Survival in the `90s: How a Non-land-grant School Maintains Its Horticulture Program

in HortScience
View More View Less
  • 1 Dept. of Plant and Soil Science, Texas Tech Univ., Lubbock, TX 79409-2122

With the current climate of consolidation in academia, maintaining viable discipline-oriented curricula requires concerted effort. In the past 8 years, the horticulture program at Texas Tech reduced the number of degree programs and faculty while it increased the course offerings available and quadrupled the enrollment in horticulture courses. This increase in productivity and program security came about through the efforts of the College and the Department. The designation of the Introductory Horticulture course as a core curriculum lab science elective dramatically raised enrollment. The introduction of horticulture as a minor within the College and across the University resulted in many of the horticulture courses being accessed by students previously not reached. In addition, efforts to create articulation agreements with and actively recruit students from 2- year institutions are beginning to show some success. The greatest future impact appears to be in the creation of mutually beneficial distance education alliances with other 2- and 4-year institutions. Areas of continued concern include balancing faculty teaching and research loads, frequency of upper level course offerings, and identifying large classroom facilities during peek hours. Support facility space utilization, pressing time constraints and “faculty burn-out” are also current problem areas associated with increased faculty productivity levels.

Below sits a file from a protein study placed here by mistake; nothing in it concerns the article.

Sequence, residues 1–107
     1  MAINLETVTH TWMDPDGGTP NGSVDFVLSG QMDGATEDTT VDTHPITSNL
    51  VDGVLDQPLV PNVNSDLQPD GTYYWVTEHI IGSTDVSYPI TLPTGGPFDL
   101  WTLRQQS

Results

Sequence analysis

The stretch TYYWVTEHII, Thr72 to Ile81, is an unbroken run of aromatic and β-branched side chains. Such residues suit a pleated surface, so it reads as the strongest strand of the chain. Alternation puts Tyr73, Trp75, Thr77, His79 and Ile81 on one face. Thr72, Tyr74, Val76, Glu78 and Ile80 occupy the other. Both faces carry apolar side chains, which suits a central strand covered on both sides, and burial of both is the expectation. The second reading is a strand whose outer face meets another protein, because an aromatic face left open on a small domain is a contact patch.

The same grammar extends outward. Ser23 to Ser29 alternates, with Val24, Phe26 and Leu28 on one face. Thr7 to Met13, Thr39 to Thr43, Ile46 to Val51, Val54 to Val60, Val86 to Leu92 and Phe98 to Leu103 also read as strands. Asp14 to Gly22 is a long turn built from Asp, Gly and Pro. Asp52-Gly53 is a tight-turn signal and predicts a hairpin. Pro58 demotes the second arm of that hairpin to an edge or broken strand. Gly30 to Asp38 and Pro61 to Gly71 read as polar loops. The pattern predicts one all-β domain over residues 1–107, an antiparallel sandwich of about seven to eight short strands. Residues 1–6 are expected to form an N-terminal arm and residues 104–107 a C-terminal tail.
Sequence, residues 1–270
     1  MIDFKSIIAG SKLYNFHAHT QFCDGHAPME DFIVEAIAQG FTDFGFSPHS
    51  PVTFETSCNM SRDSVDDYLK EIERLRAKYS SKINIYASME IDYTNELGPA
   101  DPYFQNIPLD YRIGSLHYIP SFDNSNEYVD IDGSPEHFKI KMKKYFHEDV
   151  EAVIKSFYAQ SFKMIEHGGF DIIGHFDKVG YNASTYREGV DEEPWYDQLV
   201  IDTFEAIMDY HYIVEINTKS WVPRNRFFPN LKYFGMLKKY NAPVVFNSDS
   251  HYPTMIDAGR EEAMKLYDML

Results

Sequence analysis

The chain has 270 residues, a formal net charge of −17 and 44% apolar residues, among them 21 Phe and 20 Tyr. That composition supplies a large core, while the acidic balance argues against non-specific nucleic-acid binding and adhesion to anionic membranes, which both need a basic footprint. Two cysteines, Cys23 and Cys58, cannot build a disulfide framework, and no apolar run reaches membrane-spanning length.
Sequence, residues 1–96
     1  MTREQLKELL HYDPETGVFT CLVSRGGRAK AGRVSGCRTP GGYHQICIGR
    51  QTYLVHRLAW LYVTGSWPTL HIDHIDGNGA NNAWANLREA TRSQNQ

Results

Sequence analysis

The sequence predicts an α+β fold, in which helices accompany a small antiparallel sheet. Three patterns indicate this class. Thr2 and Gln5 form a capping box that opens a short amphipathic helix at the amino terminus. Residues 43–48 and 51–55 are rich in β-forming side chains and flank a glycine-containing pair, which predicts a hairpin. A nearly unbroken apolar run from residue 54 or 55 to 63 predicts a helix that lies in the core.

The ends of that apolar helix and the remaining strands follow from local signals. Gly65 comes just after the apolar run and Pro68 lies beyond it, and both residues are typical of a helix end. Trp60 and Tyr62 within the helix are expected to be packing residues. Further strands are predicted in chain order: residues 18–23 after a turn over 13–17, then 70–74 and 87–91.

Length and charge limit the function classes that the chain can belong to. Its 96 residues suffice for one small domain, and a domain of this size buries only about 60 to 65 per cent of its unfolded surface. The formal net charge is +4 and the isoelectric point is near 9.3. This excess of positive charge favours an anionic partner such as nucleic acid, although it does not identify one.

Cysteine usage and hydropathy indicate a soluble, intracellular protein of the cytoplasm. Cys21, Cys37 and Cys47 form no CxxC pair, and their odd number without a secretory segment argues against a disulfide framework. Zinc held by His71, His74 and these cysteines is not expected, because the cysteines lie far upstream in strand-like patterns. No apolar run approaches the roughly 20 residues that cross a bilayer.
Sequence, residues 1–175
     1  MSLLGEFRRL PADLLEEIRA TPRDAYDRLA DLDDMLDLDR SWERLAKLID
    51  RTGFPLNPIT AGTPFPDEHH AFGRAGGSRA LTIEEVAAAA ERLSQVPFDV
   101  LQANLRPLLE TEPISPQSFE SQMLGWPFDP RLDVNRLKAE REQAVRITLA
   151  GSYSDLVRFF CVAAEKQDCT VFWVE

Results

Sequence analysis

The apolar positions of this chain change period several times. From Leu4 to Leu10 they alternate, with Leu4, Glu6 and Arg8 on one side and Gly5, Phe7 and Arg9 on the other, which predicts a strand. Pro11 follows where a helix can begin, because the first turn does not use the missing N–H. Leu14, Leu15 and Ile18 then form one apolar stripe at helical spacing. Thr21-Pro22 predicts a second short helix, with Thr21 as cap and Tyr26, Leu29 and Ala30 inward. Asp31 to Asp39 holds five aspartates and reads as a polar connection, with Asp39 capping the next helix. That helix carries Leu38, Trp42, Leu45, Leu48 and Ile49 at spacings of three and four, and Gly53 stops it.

All Time Past Year Past 30 Days
Abstract Views 0 0 0
Full Text Views 32 7 2
PDF Downloads 56 27 8